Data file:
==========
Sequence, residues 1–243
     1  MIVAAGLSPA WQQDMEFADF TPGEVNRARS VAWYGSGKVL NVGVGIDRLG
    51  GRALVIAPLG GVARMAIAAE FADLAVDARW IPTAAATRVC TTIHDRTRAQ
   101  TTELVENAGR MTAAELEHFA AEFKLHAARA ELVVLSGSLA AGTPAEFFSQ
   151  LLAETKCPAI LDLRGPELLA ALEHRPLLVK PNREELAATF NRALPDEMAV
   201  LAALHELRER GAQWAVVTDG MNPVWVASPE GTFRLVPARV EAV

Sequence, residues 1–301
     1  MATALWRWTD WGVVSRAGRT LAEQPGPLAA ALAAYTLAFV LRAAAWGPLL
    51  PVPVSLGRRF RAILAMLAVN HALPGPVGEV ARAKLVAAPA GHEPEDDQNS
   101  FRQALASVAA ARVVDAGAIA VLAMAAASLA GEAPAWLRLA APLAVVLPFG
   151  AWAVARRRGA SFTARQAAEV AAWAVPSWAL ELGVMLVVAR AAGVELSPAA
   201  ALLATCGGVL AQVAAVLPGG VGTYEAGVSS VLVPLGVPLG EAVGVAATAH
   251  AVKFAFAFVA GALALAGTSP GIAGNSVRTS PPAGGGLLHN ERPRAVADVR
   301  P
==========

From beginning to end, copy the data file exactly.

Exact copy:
Sequence, residues 1–243
     1  MIVAAGLSPA WQQDMEFADF TPGEVNRARS VAWYGSGKVL NVGVGIDRLG
    51  GRALVIAPLG GVARMAIAAE FADLAVDARW IPTAAATRVC TTIHDRTRAQ
   101  TTELVENAGR MTAAELEHFA AEFKLHAARA ELVVLSGSLA AGTPAEFFSQ
   151  LLAETKCPAI LDLRGPELLA ALEHRPLLVK PNREELAATF NRALPDEMAV
   201  LAALHELRER GAQWAVVTDG MNPVWVASPE GTFRLVPARV EAV

Sequence, residues 1–301
     1  MATALWRWTD WGVVSRAGRT LAEQPGPLAA ALAAYTLAFV LRAAAWGPLL
    51  PVPVSLGRRF RAILAMLAVN HALPGPVGEV ARAKLVAAPA GHEPEDDQNS
   101  FRQALASVAA ARVVDAGAIA VLAMAAASLA GEAPAWLRLA APLAVVLPFG
   151  AWAVARRRGA SFTARQAAEV AAWAVPSWAL ELGVMLVVAR AAGVELSPAA
   201  ALLATCGGVL AQVAAVLPGG VGTYEAGVSS VLVPLGVPLG EAVGVAATAH
   251  AVKFAFAFVA GALALAGTSP GIAGNSVRTS PPAGGGLLHN ERPRAVADVR
   301  P